After the district court granted the contempt motion in part, El-Tabech moved for a supplemental award of $73,360.20 in attorneys' fees. In support, he submitted detailed time sheets showing that his attorneys deducted $15,360.60 for time spent on unsuccessful issues. The district court granted the entire amount requested, concluding that El-Tabech demonstrated that he only sought compensation for “the issue on which he was successful-the kosher diet issue”-and that the hourly rate and time spent on enforcing the previous fee award, the contempt motion, and the present fee application were “reasonable in light of the defendants' conduct.” Defendants appeal this award, arguing that El-Tabech did not fully deduct time spent on unsuccessful or non-compensable issues, that his attorneys spent an unreasonable amount of time on compensable aspects of the case, and that the requested fee was not proportional to the relief obtained. We agree.
In § 1983 actions, “the court, in its discretion, may allow the prevailing party, other than the United States, a reasonable attorney's fee as part of the costs.” 42 U.S.C. § 1988(b). When plaintiff initially prevails and obtains injunctive relief in “institutional reform” litigation, some types of post-judgment activities are generally compensable as “necessary adjuncts to the initial litigation, whereas other types of activities are more like a new, separate lawsuit and require a fee determination independent of the underlying case.” Jenkins v. Missouri, 127 F.3d 709, 716-17 (8th Cir.1997). Reasonable fees for defending the injunction from attack are compensable, but “[a] prevailing party who aggressively seeks a greater victory and fails is entitled to a proportionally lesser fee award than a prevailing party who merely defends [his] victory, even if the defense is less than completely successful.” Ass'n for Retarded Citizens v. Schafer, 83 F.3d 1008, 1012 (8th Cir.), cert. denied, 519 U.S. 993 (1996). Work that is more like a new, separate lawsuit “requires a fresh determination of entitlement to fees.” Cody v. Hillard, 304 F.3d 767, 773 (8th Cir.2002). In all events, “hours that are excessive, redundant, or otherwise unnecessary” must be excluded. Hensley v. Eckerhart, 461 U.S. 424, 434 (1983).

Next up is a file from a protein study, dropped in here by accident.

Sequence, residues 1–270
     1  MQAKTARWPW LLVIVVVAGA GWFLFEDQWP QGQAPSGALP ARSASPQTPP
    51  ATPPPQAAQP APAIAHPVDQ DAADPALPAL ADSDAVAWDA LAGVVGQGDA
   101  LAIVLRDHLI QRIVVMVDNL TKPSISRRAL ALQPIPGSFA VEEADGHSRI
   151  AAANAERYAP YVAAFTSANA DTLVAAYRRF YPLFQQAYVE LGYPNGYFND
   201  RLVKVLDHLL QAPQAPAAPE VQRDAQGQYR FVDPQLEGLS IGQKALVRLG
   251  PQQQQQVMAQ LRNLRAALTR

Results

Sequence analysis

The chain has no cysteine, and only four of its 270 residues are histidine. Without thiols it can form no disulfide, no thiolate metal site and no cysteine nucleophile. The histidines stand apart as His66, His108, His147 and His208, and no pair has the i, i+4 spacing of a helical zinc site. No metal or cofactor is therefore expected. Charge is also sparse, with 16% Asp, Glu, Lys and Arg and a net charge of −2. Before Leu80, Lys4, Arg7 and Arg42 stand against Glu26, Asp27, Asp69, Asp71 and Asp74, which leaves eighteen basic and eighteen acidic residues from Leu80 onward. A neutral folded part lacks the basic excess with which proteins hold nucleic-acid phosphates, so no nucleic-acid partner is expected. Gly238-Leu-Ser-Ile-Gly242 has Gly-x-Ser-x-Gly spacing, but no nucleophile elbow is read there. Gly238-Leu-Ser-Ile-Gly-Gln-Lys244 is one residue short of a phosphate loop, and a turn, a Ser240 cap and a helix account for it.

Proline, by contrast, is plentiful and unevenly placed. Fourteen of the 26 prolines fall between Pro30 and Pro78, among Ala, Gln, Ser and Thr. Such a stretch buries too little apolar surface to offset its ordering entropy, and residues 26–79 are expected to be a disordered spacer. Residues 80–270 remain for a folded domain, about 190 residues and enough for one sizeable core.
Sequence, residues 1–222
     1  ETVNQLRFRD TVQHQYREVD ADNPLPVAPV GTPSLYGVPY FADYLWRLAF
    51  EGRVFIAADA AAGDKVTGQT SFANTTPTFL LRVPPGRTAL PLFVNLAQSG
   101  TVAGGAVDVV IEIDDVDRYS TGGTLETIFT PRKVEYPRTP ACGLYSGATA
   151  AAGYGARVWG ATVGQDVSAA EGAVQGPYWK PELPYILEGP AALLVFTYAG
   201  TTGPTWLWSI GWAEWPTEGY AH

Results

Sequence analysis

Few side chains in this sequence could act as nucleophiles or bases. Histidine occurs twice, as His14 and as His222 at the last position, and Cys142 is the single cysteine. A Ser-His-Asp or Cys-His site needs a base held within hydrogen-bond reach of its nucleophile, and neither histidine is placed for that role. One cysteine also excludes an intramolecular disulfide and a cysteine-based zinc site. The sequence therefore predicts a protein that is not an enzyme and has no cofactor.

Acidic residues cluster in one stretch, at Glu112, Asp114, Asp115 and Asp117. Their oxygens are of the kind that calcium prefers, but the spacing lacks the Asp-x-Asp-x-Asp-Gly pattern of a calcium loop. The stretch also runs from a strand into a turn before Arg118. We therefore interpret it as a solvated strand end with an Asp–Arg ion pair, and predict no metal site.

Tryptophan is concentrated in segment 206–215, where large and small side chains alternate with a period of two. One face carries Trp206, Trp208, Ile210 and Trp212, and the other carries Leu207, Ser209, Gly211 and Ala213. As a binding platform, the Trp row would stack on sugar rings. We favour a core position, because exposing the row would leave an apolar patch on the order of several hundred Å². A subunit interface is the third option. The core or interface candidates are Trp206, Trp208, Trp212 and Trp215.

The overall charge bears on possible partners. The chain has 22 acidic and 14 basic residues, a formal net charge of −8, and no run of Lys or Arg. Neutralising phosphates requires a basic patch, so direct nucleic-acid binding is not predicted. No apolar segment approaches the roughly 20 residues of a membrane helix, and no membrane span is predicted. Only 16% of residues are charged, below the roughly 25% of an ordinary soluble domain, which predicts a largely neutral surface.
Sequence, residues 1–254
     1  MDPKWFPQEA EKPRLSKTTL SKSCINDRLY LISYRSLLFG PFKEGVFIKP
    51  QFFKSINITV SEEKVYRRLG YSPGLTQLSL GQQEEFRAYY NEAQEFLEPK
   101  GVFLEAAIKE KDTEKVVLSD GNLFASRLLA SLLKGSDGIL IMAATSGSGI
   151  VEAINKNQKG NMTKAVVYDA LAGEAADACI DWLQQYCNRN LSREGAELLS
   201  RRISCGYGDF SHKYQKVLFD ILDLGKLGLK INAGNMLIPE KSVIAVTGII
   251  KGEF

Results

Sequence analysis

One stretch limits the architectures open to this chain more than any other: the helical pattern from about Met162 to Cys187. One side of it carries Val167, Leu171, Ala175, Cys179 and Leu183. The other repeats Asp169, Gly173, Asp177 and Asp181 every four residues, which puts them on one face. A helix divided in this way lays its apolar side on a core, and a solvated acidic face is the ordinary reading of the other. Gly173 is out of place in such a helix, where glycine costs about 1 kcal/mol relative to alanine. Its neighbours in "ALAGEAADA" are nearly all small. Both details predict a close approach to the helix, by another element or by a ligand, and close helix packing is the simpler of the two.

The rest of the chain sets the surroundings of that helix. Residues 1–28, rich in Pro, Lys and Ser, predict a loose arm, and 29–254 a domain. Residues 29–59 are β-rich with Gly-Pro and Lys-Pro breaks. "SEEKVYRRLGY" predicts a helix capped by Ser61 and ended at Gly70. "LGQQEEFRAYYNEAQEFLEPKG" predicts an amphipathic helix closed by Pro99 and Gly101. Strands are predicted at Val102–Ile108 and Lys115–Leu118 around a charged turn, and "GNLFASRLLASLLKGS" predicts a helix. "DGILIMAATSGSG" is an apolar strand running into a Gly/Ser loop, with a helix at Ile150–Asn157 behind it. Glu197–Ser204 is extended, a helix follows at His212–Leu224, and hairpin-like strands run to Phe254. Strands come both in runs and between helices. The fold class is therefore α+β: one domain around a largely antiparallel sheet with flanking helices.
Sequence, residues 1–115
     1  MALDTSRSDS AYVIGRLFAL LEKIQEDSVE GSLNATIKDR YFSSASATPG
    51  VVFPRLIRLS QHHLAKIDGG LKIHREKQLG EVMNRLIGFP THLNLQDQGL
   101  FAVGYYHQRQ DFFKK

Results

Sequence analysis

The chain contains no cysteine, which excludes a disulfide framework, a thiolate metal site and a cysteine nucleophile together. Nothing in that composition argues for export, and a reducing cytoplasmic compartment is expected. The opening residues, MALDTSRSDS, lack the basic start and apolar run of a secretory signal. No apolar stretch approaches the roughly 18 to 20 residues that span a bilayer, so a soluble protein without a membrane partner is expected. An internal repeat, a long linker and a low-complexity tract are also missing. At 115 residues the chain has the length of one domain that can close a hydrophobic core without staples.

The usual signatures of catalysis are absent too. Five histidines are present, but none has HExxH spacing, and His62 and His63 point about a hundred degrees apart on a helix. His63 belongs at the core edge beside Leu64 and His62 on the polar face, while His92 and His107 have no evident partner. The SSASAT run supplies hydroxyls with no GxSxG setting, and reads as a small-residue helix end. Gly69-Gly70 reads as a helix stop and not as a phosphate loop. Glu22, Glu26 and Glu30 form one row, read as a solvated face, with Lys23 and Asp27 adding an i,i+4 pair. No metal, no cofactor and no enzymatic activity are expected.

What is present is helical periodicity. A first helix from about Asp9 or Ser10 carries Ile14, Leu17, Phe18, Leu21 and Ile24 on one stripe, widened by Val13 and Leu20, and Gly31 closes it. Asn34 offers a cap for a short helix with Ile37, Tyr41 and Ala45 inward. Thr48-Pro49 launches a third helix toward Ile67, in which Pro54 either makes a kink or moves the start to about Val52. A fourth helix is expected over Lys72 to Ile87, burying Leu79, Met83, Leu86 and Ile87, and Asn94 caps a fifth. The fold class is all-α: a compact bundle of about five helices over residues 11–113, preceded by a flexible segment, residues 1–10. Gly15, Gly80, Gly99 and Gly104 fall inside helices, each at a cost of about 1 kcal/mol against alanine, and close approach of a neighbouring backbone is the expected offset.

El-Tabech divided his supplemental application into categories of post-judgment work. He requested and was awarded $15,780.60 for time spent enforcing the original attorneys' fee award; $14,837.40 for time spent monitoring defendants' compliance with the original court order; $32,019.60 for time spent briefing and arguing the contempt motion; and $10,722.60 for time spent on the fee requests. El-Tabech “bears the burden of establishing entitlement to an award and documenting the appropriate hours expended and hourly rates.” Hensley, 461 U.S. at 437.
A. Enforcing the original attorney fee award. As we have explained, the time sheets belatedly submitted by El-Tabech's attorneys reveal lack of candor and excessive time spent in submitting his motion to enforce the original fee award. Even more to the point, the motion was entirely unsuccessful. Though defendants did not appeal paragraph 2, the district court will need to reconsider paragraph 2 in determining on remand what compensatory post-judgment interest rate is appropriate. Therefore, the award of fees for time spent on the issues resolved in Part I of this opinion is reversed.